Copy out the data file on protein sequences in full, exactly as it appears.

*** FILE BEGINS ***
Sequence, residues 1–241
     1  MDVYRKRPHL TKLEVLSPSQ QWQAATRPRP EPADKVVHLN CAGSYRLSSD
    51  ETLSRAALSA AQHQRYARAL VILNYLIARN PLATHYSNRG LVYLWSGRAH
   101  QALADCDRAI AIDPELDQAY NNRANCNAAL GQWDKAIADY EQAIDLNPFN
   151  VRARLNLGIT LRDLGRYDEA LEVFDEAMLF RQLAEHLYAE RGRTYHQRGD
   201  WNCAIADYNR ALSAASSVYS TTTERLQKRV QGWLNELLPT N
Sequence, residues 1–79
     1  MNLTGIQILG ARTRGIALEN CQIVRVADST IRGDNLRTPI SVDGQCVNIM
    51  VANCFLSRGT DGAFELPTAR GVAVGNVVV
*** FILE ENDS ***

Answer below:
Sequence, residues 1–241
     1  MDVYRKRPHL TKLEVLSPSQ QWQAATRPRP EPADKVVHLN CAGSYRLSSD
    51  ETLSRAALSA AQHQRYARAL VILNYLIARN PLATHYSNRG LVYLWSGRAH
   101  QALADCDRAI AIDPELDQAY NNRANCNAAL GQWDKAIADY EQAIDLNPFN
   151  VRARLNLGIT LRDLGRYDEA LEVFDEAMLF RQLAEHLYAE RGRTYHQRGD
   201  WNCAIADYNR ALSAASSVYS TTTERLQKRV QGWLNELLPT N
Sequence, residues 1–79
     1  MNLTGIQILG ARTRGIALEN CQIVRVADST IRGDNLRTPI SVDGQCVNIM
    51  VANCFLSRGT DGAFELPTAR GVAVGNVVV